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Ramadan Reflection Day 18: Adoption, Foster Care and the World's Forgotten Children

07/26/2013 03:54 pm ET | Updated Sep 25, 2013
  • Imam Khalid Latif Executive Director and Chaplain, Islamic Center at New York University; Co-Founder: Honest Chops Local & Organic Halal Meats, the Muslim Wedding Service and the NYU Of Many Institute for Multifaith Leadership

Imam Khalid Latif is blogging his reflections during the month of Ramadan for the third year in a row, featured daily on HuffPost Religion. For a complete record of his previous posts, click over to the Islamic Center at New York University or visit his author page, and to follow along with the rest of his reflections, sign up for an author email alert above, visit his Facebook page or follow him on Twitter.

My wife Priya and I are blessed to have a beautiful, baby girl named Madina. She is a little more than seven months old now and every day with her has been more amazing than the day before. Hearing her laugh and watching her grow are things that I would never trade for anything. I truly love her more and more every day and am so grateful to have been given such a treasure.

Abu Hurayra reported that the Messenger of Allah, may Allah bless him and grant him peace, said, "The best house among the Muslims is the house in which orphans are well treated. The worst house among the Muslims is the house in which orphans are ill treated. I and the guardian of the orphan will be in the Garden like that," indicating his two fingers.

Sometimes when I look at my daughter's face, my mind takes me to those young children, some only a day old, who are left to take on the challenges of this world on their own. I look at her and how she is surrounded by people who love her, mashallah, and feel a deep affinity for those who are without their own parents, regardless of how that reality came to pass.

Throughout the Qur'an we find verse after verse that tells us to be kind to orphans and to treat with affection, care and dignity. The Prophet Muhammad, peace be upon him, himself was an orphan, having lost his father before he was born. His mother then also passed away when he was at a very young age as well.

Yet there is always a hesitation on the part of Muslims to venture into the idea of adoption. The number of people who have said to me, "I always thought adoption is not permissible in Islam" is alarmingly huge. What Islam prohibits is the assumption of a child's natal identity. The idea is that a child born into this world will always be of the lineage of their parents and one would not be able to change that. That does not mean a bond of kinship cannot be formed and established or, when that is not possible, that it is still not praiseworthy and necessary to do what we can to take care of those who are in need and on their own.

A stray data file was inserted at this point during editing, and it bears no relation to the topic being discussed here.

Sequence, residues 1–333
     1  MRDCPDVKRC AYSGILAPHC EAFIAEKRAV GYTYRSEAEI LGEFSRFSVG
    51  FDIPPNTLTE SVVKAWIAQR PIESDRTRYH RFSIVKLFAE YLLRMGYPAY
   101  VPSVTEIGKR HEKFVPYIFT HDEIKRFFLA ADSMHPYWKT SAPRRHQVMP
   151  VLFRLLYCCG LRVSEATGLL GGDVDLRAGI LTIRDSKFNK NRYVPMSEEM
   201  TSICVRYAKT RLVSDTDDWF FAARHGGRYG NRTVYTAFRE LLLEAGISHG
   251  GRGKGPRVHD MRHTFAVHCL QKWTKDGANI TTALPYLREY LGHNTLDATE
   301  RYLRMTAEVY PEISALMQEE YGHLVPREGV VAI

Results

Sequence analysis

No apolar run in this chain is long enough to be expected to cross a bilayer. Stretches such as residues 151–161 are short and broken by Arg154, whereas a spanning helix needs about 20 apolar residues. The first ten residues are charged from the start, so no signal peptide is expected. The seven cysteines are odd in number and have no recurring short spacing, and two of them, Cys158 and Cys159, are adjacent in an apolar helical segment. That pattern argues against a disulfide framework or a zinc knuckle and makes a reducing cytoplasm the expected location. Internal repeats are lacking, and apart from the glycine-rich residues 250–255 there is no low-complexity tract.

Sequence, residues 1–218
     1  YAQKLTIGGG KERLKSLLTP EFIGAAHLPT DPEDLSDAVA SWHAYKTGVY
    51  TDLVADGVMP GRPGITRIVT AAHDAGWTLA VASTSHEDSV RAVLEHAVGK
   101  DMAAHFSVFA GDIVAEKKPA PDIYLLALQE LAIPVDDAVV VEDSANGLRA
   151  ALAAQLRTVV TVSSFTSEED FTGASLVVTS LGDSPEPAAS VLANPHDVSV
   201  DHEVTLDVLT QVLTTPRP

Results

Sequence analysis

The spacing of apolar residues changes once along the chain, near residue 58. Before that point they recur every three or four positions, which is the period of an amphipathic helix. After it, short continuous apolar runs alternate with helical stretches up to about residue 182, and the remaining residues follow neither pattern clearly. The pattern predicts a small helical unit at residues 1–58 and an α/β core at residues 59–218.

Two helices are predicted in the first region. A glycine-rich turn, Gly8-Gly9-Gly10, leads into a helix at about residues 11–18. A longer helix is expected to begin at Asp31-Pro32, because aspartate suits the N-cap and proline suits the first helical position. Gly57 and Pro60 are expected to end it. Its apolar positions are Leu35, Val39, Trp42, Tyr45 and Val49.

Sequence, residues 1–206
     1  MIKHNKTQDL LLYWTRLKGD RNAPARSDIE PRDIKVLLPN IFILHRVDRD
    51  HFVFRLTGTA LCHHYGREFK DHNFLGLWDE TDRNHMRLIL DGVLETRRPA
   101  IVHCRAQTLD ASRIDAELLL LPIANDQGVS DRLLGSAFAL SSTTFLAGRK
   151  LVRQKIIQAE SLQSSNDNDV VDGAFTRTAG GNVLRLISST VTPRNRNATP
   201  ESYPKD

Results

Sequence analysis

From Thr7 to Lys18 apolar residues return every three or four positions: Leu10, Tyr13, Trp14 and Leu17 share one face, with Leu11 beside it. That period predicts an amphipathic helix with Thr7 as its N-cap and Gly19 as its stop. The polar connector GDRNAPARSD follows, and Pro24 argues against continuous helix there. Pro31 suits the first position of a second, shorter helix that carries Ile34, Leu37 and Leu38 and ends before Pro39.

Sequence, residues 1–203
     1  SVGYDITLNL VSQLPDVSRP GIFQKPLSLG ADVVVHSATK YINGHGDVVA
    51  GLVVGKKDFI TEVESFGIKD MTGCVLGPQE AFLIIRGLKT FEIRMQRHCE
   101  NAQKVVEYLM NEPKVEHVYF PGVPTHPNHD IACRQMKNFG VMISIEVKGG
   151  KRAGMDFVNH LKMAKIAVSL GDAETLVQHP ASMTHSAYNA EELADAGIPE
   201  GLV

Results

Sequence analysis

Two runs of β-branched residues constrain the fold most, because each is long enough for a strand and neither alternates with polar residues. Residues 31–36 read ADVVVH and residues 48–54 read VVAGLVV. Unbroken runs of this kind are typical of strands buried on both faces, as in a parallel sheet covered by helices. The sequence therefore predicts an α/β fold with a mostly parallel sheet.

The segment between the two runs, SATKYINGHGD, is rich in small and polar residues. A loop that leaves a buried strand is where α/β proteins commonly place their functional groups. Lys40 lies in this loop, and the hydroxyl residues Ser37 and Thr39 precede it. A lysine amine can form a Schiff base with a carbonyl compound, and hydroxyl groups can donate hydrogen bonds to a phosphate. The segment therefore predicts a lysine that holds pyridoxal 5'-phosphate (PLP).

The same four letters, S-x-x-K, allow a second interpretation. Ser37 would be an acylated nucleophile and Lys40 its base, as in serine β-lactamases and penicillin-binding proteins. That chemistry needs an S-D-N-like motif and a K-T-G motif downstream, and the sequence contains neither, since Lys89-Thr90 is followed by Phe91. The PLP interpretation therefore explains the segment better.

Similar to adoption, we have communal responsibility to enter more broadly and in large numbers into the Foster Care systems within our respective cities. Most of us have received emails, Facebook messages, tweets, etc. stating that we have to mobilize to respond to the needs of young Muslim children who have been placed in the homes of families that are not respectful of their faith or just aren't aware of the details of it. The preemptive solution to this problem is to already be well situated and listed with the foster care system, rather than running reactively in response to situations such as the one mentioned. I would also argue that our motivation shouldn't be to become foster-care families to avoid Muslim children from being placed in non-Muslim homes. Rather we should become foster care families because it's the right thing to do and we have been endowed with enough blessings and resources to comfortably provide for others during their time of need, whether they are Muslim or not.

Mundhir at-Tawri reported what Muhammad ibn 'Ali (ibn al-Hanafiyya) said about, "Is the repayment of kindness anything except kindness?" He said, "It is not denied to either the pious or the deviant."

We should all take a moment to reflect on what is keeping us from being of better assistance to those children who have no parents or families. Sending your money overseas is helpful, but if you have the means to open up your home, be it for a short period of time or for something more permanent, than you should do so. No child should be left without loved ones. And there are many children who unfortunately will be left to deal with this world on their own. An estimated 153 million children are orphaned by one or both parents worldwide every year. 400 million children worldwide suffer from hunger But at least the one that you will help won't feel that kind of pain.

Abu Bakr ibn Hafs reported that 'Abdullah would not eat unless an orphan was at his table.'

If your community doesn't have a program or relationship set up with Child Services, you be the one to build it. If your family has never considered adopting or providing foster care, you start the conversation. Ramadan has shown us what we have and how much we have been given. Assess if you can handle one more at your table at then do what you need to do for them to be able to take a seat and share if everything you can offer to them.

Khalid Latif Reflections Ramadan 2013

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